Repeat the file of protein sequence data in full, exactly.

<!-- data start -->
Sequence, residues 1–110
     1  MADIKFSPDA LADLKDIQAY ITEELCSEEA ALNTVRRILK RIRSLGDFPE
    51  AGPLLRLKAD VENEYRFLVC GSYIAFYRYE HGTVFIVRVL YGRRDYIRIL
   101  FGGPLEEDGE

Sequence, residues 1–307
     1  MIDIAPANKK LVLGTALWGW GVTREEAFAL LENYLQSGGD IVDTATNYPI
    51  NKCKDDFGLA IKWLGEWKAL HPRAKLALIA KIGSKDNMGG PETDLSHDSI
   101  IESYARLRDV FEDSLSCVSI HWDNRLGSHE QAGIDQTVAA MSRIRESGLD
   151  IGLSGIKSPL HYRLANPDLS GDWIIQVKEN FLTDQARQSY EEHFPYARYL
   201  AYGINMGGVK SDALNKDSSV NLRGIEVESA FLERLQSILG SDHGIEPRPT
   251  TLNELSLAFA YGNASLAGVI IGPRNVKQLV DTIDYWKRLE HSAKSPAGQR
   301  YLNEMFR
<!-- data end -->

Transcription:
Sequence, residues 1–110
     1  MADIKFSPDA LADLKDIQAY ITEELCSEEA ALNTVRRILK RIRSLGDFPE
    51  AGPLLRLKAD VENEYRFLVC GSYIAFYRYE HGTVFIVRVL YGRRDYIRIL
   101  FGGPLEEDGE

Sequence, residues 1–307
     1  MIDIAPANKK LVLGTALWGW GVTREEAFAL LENYLQSGGD IVDTATNYPI
    51  NKCKDDFGLA IKWLGEWKAL HPRAKLALIA KIGSKDNMGG PETDLSHDSI
   101  IESYARLRDV FEDSLSCVSI HWDNRLGSHE QAGIDQTVAA MSRIRESGLD
   151  IGLSGIKSPL HYRLANPDLS GDWIIQVKEN FLTDQARQSY EEHFPYARYL
   201  AYGINMGGVK SDALNKDSSV NLRGIEVESA FLERLQSILG SDHGIEPRPT
   251  TLNELSLAFA YGNASLAGVI IGPRNVKQLV DTIDYWKRLE HSAKSPAGQR
   301  YLNEMFR